Slovenia's meteorology agency ARSO declared a high alert over most of the country, urging citizens to stay at home and warning the weather conditions on Saturday afternoon and overnight could still pose a serious threat to people and their properties.
In the Postojna area, some 40 kilometres (24 miles) south of the capital Ljubljana, power lines collapsed under the weight of ice and snow or falling trees and could not be repaired due to the continuing bad weather.
The highway connecting Ljubljana with the Adriatic coast remained closed for hours yesterday after a power line broke and fell over it while the traffic information centre on its website warned many roads all over the country were closed due to collapsed trees, power lines or ice.
"This is a large-scale natural disaster," Prime Minister Alenka Bratusek said after visiting the Postojna area on yesterday, adding her government would ask the European Union's assistance in providing a large number of power generators needed to bridge the power shortage.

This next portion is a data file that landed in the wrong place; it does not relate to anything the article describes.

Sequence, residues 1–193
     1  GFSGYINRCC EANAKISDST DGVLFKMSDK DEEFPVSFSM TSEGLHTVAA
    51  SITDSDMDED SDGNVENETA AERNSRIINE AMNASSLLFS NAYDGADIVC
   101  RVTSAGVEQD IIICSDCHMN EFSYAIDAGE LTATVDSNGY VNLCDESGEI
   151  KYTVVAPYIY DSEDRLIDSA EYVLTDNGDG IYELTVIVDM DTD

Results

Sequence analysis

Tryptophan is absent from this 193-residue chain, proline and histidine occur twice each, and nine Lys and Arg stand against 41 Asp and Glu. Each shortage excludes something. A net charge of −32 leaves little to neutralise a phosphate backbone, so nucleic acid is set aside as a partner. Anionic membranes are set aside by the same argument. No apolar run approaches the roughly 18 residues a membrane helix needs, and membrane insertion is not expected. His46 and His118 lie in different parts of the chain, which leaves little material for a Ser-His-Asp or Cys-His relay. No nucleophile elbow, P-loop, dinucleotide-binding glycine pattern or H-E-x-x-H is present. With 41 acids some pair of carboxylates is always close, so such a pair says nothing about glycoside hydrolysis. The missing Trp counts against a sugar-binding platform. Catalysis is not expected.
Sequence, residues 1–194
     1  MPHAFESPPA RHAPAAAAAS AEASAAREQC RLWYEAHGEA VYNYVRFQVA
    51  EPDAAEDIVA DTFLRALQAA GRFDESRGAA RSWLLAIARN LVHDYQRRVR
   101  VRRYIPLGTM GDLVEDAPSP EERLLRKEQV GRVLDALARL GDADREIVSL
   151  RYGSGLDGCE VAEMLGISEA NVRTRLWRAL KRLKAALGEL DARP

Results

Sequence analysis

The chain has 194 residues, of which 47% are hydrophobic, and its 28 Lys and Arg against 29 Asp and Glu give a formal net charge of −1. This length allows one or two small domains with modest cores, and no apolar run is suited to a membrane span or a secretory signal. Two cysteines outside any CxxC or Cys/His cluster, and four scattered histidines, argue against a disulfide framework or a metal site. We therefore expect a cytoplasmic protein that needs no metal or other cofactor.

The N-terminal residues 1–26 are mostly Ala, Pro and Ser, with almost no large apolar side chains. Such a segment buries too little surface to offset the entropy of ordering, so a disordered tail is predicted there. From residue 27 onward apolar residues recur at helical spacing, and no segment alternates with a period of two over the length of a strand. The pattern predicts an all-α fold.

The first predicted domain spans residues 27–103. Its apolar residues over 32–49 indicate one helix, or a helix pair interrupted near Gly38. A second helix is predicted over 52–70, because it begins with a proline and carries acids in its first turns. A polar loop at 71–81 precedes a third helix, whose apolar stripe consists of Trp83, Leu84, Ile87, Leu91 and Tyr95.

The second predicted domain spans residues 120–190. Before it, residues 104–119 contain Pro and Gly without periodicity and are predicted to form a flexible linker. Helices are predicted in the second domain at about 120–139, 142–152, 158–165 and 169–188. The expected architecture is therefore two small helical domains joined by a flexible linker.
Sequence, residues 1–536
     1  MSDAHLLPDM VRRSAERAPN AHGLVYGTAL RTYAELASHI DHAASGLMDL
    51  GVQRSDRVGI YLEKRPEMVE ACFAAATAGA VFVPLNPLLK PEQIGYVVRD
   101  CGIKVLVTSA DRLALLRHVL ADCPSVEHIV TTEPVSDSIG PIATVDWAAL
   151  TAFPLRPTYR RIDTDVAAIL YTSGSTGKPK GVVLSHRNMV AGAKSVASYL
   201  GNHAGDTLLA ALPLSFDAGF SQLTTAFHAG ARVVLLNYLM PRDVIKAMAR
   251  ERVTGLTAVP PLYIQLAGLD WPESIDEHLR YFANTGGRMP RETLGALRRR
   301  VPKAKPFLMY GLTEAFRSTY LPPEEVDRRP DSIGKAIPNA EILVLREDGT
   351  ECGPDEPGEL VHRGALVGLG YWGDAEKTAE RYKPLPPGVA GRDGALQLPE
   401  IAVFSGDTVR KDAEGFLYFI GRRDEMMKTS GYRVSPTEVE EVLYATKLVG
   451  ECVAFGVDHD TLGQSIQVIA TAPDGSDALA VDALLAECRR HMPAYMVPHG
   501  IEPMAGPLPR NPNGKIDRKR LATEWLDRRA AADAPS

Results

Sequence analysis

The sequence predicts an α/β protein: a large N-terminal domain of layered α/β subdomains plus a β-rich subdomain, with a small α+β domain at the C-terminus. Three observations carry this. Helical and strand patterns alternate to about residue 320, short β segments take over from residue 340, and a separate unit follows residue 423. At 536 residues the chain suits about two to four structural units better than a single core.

Power cuts were also reported in some areas of Ljubljana, Celje and Maribor, leaving around 120,000 households or some 250,000 citizens in the country of two million people without electricity, private POP tv reported quoting electricity distribution sources.
"The power shortages are no longer a local but a state problem," Defence Minister Roman Jakic said earlier on Saturday, adding the army was ready to help if the civil services needed assistance in removing snow, ice or collapsed trees from roads and energy lines.
During the day, the Defence Ministry said the army had deployed 100 soldiers to assist the civil defence units in the Postojna region and added power generators from Austria, Germany and the Czech Republic were on their way and would be distributed to the most critical areas.
Due to the extraordinary weather conditions, around 75 percent of kindergartens, schools and high schools in Slovenia will remain closed on Monday, the Education Ministry said.


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